At least 34 genes are associated with collagen production (Matsuzaki and Darcha, 2013b). Previous studies have reported that MSCs release Wnts, TGF-ß, MMPs and VEGFs that might be associated with the development of fibrosis (Salazar et al., 2009; Dzafic et al., 2014; Hsu et al., 2014). The most biochemically active endometriosis lesions are the proposed early lesions and, with disease progression, the endometriotic lesions undergo remodeling and become less biochemically active (Ueda et al., 2002). MMPs are endopeptidases whose function is to degrade ECM. The MMP system plays a critical role during the progression of endometriosis by favoring cell invasion and ECM remodeling (Sharpe-Timms and Cox, 2002). However, little is known about the expression profile of MMPs in MSCs of endometriosis. A recent study showed that Ecto-MSCs and Euto-MSCs express MMP2, MMP3 and MMP9 (Koippallil etal., 2015).

In our present study, both profibrotic factors and antifibrotic MMPs were detected in MSCs. Moreover, the levels of profibrotic factors TGF-ßl andWntl werehigherin Ecto-MSCs than in Euto-MSCs, suggesting a possible contribution tofibrogenesis in patients with ovarian endometrioma. Some reports have indicated that TGF-ß and Wntl may be involved in the molecular and cellular mechanisms of fibrogenesis in endometriosis (Matsuzaki and Darcha, 20 l3a,b) and other fibrotic diseases (Salazar et al., 2009; Akhmetshina et al., 2012). The CM collected from Ecto-MSCs, which contained secreted TGF-ßl and Wntl, promoted the expression of fibrotic markers, whereas the TGF-ß l-neutralizing

antibody and Wntl negative regulator Dkkl decreased their expression. The combined effect of TGF-ßl and Wntl tended to be the most potent stimulant for fibrogenesis compared with control and CM. This may be due to the presence of antifibrotic MMPs in CM, although no expression difference was found between Euto-MSCs and Ecto-MSCs. Our findingssuggestthat TGF-ßl andWntl secreted by Ecto-MSCs modulate fibrotic development. Compared with Euto-MSC, higherlevels ofsecreted TGF-ß l and Wnt l in Ecto-MSCs may disrupt the balance between fibrogenesis and fibrolysis, resulting in endometriosis fibrosis. To our knowledge, few studies have focused on MSCs in endometriosis (Kao et al., 20 ll ; Koippallil etal.,20l 5). This is thefirst study to demonstrate the paracrine function of MSCs in ovarian endometrioma. Our results indicate unique paracrine characteristics of Ecto-MSCs, which may underlie the pathogenesis of ovarian endometrioma.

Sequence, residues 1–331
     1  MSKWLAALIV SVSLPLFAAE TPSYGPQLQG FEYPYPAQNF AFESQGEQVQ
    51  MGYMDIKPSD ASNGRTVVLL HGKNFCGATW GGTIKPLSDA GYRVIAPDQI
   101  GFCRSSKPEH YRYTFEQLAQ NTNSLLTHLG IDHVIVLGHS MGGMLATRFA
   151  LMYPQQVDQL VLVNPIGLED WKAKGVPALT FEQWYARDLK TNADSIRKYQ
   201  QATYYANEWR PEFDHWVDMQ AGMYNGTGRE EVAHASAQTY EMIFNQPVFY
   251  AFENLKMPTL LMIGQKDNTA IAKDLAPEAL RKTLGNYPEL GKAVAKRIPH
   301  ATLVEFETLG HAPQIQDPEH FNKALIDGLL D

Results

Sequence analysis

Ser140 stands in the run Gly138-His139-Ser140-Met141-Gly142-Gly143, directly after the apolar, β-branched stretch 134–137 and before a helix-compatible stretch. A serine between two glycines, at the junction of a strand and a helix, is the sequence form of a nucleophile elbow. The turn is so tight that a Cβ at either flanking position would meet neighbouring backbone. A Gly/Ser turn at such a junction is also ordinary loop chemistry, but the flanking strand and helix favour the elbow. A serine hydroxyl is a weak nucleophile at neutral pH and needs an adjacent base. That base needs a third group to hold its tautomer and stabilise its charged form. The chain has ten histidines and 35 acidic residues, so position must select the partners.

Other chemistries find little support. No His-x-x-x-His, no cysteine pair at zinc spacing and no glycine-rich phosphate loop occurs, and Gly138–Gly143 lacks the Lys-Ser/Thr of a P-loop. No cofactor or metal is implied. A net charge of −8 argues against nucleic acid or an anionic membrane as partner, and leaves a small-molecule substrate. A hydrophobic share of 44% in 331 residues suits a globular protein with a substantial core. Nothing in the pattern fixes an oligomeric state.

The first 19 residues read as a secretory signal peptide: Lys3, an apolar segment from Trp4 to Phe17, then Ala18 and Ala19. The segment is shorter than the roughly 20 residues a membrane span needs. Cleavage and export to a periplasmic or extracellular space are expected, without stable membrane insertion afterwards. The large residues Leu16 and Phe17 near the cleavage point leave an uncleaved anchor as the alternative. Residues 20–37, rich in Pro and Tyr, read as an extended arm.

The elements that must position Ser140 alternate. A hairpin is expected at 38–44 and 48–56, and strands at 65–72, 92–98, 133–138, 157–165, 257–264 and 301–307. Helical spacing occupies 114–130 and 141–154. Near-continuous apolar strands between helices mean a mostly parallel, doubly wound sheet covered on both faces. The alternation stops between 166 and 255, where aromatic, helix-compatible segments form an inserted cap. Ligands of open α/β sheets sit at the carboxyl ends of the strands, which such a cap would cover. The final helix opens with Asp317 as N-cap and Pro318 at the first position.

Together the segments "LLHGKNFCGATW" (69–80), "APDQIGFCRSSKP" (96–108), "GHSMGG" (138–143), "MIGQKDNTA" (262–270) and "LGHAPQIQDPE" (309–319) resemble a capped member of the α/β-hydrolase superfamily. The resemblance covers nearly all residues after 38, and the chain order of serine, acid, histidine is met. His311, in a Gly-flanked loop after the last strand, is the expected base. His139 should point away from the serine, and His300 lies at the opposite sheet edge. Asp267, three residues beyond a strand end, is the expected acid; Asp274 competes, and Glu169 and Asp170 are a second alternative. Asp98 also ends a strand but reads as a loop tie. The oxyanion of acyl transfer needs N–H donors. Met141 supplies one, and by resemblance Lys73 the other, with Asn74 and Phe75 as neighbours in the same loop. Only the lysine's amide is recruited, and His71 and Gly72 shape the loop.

To identify how the unique paracrine characteristics of Ecto-MSCs induce fibrosis, we focused on TGF-ßl and Wntl. Previous studies have demonstrated that both TGF-ßl and Wntl activate Wnt/ ß-catenin signaling (Akhmetshina et al., 20l2). The Wnt/ß-catenin pathway is involved in cell development and tissue self-renewal (Grigor-yan et al., 2008; Klaus and Birchmeier, 2008; Wend et al., 20l0). Pathologically activated canonical Wnt signaling has been implicated in various fibrotic diseases (Konigshoff et al., 2008; Henderson et al., 20l0; Akhmetshina et al., 20l2).